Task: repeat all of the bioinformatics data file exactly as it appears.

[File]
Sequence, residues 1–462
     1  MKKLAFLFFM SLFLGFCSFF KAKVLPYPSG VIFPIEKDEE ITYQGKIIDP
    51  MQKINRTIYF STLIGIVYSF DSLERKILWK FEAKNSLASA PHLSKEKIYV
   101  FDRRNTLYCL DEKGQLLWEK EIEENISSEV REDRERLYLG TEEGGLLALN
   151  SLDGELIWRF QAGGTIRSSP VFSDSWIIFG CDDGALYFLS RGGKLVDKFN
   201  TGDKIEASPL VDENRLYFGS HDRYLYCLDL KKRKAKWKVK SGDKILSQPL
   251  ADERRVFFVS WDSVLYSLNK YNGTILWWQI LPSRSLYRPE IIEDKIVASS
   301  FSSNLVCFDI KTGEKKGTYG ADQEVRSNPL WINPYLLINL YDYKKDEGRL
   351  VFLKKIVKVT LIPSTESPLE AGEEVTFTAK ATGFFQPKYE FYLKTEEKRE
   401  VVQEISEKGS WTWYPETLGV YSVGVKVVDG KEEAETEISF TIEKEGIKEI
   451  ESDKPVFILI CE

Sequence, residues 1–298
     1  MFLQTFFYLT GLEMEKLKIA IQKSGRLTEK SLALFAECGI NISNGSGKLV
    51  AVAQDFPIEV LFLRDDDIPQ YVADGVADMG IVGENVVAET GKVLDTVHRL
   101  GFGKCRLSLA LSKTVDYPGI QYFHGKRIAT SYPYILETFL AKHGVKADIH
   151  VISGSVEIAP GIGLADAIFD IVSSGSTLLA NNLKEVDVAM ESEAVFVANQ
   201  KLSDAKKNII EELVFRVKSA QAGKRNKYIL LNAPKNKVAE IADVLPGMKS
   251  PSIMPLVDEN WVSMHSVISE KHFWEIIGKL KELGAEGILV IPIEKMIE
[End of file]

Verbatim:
Sequence, residues 1–462
     1  MKKLAFLFFM SLFLGFCSFF KAKVLPYPSG VIFPIEKDEE ITYQGKIIDP
    51  MQKINRTIYF STLIGIVYSF DSLERKILWK FEAKNSLASA PHLSKEKIYV
   101  FDRRNTLYCL DEKGQLLWEK EIEENISSEV REDRERLYLG TEEGGLLALN
   151  SLDGELIWRF QAGGTIRSSP VFSDSWIIFG CDDGALYFLS RGGKLVDKFN
   201  TGDKIEASPL VDENRLYFGS HDRYLYCLDL KKRKAKWKVK SGDKILSQPL
   251  ADERRVFFVS WDSVLYSLNK YNGTILWWQI LPSRSLYRPE IIEDKIVASS
   301  FSSNLVCFDI KTGEKKGTYG ADQEVRSNPL WINPYLLINL YDYKKDEGRL
   351  VFLKKIVKVT LIPSTESPLE AGEEVTFTAK ATGFFQPKYE FYLKTEEKRE
   401  VVQEISEKGS WTWYPETLGV YSVGVKVVDG KEEAETEISF TIEKEGIKEI
   451  ESDKPVFILI CE

Sequence, residues 1–298
     1  MFLQTFFYLT GLEMEKLKIA IQKSGRLTEK SLALFAECGI NISNGSGKLV
    51  AVAQDFPIEV LFLRDDDIPQ YVADGVADMG IVGENVVAET GKVLDTVHRL
   101  GFGKCRLSLA LSKTVDYPGI QYFHGKRIAT SYPYILETFL AKHGVKADIH
   151  VISGSVEIAP GIGLADAIFD IVSSGSTLLA NNLKEVDVAM ESEAVFVANQ
   201  KLSDAKKNII EELVFRVKSA QAGKRNKYIL LNAPKNKVAE IADVLPGMKS
   251  PSIMPLVDEN WVSMHSVISE KHFWEIIGKL KELGAEGILV IPIEKMIE